First, some history. I came out to my parents as bisexual seven years ago, at the age of 27. At some point a few years later, I called myself queer. Now that I'm living with a woman and hoping to spend the foreseeable future with her, I call myself gay.
In the seven years since I came out, my parents have tried to convince me that I wasn't this Other, that I was going through a phase, and/or that I was hurtfully disconnected from God. They also spent a good deal of time being utterly avoidant of my sexuality and related subjects, not unlike when I was a teenager.
For two years (when I was about 30-32 years old), I was single and I'd bring friends to my childhood home. Most of these friends were queer. My parents live in a rural area about 90 minutes outside of the city and some summers, we visited four or five times for barbecues, campouts or bonfires.
In retrospect, I brought these friends home to desensitize my parents to this idea that LGBTQ people were Other. By giving them the opportunity to meet and get to know several diverse, queer friends, I thought I could help them see that we couldn't all be put in some easy box.
But people, especially Christians, see what they want to see. They choose the frame of their pictures, sometimes quite literally.
In April, Sonia and I stopped at my parents' house to pick up a few pieces of furniture that they were getting rid of. We were moving into a new apartment. After we loaded the two bulky chairs and a corner hutch into the back of the UHaul, my mom asked us to turn around for a picture.
(No UHaul jokes, please! We waited two years to move in.)
As I turned around, Sonia was on my left, hesitant. My dad stood to my right. I pulled them both toward me for a picture, and my mom dropped the camera like a hot potato. She'd meant a picture with just me and my dad.
I was furious, and my rage fueled the next several weeks of email boxing between my mother and I, as I tried to set the perimeter for our relationship, and she quoted the Bible to me.
Her approach doesn't make sense. You may lose your oldest child, the only child who lives in any proximity to you, and you can't get it together to form an original or nuanced thought? The more dire the situation, the more she relies on vague Biblical maxims.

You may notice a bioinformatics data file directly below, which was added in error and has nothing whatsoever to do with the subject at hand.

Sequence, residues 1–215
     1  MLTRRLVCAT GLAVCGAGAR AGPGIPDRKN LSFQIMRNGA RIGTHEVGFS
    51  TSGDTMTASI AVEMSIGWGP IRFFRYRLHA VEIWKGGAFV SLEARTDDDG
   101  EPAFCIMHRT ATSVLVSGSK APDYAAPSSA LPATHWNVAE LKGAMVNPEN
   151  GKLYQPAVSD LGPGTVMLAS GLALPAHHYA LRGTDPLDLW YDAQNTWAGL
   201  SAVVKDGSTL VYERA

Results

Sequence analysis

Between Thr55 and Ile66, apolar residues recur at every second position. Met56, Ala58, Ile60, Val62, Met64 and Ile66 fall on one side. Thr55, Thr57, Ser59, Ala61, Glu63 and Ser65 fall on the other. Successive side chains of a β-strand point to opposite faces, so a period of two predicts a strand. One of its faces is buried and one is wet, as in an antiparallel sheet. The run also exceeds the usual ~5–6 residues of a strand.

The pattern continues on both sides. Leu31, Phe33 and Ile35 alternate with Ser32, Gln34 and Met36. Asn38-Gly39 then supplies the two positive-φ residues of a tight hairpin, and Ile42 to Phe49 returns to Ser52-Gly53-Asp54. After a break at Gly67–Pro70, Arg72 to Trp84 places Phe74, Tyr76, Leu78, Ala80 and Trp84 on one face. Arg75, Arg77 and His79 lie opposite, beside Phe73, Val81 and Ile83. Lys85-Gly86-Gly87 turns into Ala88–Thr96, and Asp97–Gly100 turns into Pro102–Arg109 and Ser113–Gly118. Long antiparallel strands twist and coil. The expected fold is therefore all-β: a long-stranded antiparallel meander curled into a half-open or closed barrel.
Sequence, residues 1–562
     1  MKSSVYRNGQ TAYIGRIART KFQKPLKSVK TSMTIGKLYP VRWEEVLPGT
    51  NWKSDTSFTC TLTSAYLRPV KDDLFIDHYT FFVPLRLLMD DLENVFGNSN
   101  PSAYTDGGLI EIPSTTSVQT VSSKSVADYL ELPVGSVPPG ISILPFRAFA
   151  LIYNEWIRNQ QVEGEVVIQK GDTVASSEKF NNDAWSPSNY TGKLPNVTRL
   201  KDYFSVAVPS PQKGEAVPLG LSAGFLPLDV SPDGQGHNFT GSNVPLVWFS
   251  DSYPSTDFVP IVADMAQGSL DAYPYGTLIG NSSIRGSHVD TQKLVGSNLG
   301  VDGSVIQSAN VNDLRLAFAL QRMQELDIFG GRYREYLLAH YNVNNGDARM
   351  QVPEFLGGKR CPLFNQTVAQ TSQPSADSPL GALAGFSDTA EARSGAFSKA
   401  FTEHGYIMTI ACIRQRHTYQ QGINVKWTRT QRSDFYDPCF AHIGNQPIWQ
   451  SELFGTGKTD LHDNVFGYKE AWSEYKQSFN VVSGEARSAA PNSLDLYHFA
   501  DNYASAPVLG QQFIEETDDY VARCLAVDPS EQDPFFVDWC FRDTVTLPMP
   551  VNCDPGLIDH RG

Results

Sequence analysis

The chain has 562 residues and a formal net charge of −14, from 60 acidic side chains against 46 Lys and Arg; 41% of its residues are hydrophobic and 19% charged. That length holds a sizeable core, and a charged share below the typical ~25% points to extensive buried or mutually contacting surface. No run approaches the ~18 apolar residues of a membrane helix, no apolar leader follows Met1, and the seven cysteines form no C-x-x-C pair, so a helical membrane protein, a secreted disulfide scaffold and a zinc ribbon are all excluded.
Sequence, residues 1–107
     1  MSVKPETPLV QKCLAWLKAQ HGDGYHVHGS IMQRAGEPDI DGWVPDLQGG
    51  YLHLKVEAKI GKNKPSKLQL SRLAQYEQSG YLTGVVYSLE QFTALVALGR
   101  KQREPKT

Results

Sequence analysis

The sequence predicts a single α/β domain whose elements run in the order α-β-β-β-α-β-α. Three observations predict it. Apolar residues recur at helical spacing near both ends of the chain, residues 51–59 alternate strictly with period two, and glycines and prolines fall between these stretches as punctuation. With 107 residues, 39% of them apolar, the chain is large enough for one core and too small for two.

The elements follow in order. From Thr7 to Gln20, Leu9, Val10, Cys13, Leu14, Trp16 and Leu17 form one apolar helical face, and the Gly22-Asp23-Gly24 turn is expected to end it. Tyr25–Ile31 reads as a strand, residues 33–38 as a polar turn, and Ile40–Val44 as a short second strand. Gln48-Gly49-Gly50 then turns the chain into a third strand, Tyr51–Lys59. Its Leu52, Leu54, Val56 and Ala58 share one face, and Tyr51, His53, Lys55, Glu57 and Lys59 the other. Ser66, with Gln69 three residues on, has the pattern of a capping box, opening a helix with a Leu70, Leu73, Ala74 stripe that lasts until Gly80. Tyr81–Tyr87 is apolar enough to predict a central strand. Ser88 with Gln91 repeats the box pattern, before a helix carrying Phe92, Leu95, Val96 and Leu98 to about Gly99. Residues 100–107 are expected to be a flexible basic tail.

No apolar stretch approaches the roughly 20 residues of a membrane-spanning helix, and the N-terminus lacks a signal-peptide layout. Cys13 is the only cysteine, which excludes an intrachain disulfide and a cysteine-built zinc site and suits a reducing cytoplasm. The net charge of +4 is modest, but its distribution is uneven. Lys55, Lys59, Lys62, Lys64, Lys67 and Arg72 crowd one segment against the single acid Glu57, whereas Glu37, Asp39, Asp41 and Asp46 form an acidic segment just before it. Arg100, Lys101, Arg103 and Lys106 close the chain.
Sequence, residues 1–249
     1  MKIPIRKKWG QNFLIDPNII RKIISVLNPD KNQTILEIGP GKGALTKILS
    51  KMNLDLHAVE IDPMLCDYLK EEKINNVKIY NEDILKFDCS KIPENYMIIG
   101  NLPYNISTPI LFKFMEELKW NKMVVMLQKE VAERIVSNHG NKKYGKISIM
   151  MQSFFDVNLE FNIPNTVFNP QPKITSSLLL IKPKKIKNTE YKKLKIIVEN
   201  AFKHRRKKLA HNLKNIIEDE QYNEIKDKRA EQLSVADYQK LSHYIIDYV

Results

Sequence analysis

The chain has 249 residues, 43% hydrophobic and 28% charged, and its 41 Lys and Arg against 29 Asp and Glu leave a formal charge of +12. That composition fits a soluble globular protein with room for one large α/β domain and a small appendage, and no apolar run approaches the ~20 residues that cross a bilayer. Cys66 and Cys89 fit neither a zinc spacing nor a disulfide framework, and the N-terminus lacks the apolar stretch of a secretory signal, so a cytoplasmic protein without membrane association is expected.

Last weekend, following the visit to my grandmother in the hospital, my mother gave me a handwritten card for Sonia. I cringed. I'd received dozens, if not hundreds, of those over the years. I gave her the benefit of the doubt and, when I got home, handed the card to Sonia, still sealed.
I had hoped to see you today, look into your eyes, and tell you that you are loved. All human love is imperfect, mine most of all. I'm sorry if you were hurt by any action or word of mine, they were not conscious or intended on my part. I long for you and Rita to both experience completeness in the One who created us and loves us completely. I pray you will find it in your heart to know that you are welcome in our home and in our hearts.
Love in Christ,
JillianShe thinks she is some kind of saint. She's known Sonia for over a year, and has not yet acknowledged that our relationship is more than a friendship. How could we possibly feel welcome in a home where we are seen as incomplete, or have to pretend?
I love Dan Savage, and I wish I'd found him sooner. That one year ultimatum for Christian parents, or anyone having trouble accepting an LGBTQ child, is priceless. (Basically, get to acceptance in a year or I'm out of your life.) I'm thinking about calling into his show, but I'm afraid he'll tell me what is obvious to me intellectually: the relationship with your mother is toxic. Cut it off so you can live your life.
I'm getting there. Maybe I'm writing my way there.
Do you think it's possible for LGBTQ children to flip the script on their devotedly Christian parents, or will we never find a common language?